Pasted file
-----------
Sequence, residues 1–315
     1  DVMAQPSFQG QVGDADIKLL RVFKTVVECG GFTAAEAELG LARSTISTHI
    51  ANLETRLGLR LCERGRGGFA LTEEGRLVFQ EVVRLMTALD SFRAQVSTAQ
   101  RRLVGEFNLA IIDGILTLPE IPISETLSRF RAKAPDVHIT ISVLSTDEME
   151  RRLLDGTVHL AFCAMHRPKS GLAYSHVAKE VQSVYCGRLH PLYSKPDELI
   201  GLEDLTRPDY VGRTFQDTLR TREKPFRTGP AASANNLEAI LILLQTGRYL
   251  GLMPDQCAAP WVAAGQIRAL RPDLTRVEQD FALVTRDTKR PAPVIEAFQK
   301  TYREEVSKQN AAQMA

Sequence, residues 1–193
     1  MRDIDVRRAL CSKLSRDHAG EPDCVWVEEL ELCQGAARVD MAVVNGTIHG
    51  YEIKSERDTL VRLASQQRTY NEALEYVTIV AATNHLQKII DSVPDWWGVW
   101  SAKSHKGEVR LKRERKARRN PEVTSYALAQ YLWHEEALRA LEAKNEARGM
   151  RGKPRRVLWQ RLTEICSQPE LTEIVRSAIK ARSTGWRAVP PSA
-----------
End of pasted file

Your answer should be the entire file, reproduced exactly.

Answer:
Sequence, residues 1–315
     1  DVMAQPSFQG QVGDADIKLL RVFKTVVECG GFTAAEAELG LARSTISTHI
    51  ANLETRLGLR LCERGRGGFA LTEEGRLVFQ EVVRLMTALD SFRAQVSTAQ
   101  RRLVGEFNLA IIDGILTLPE IPISETLSRF RAKAPDVHIT ISVLSTDEME
   151  RRLLDGTVHL AFCAMHRPKS GLAYSHVAKE VQSVYCGRLH PLYSKPDELI
   201  GLEDLTRPDY VGRTFQDTLR TREKPFRTGP AASANNLEAI LILLQTGRYL
   251  GLMPDQCAAP WVAAGQIRAL RPDLTRVEQD FALVTRDTKR PAPVIEAFQK
   301  TYREEVSKQN AAQMA

Sequence, residues 1–193
     1  MRDIDVRRAL CSKLSRDHAG EPDCVWVEEL ELCQGAARVD MAVVNGTIHG
    51  YEIKSERDTL VRLASQQRTY NEALEYVTIV AATNHLQKII DSVPDWWGVW
   101  SAKSHKGEVR LKRERKARRN PEVTSYALAQ YLWHEEALRA LEAKNEARGM
   151  RGKPRRVLWQ RLTEICSQPE LTEIVRSAIK ARSTGWRAVP PSA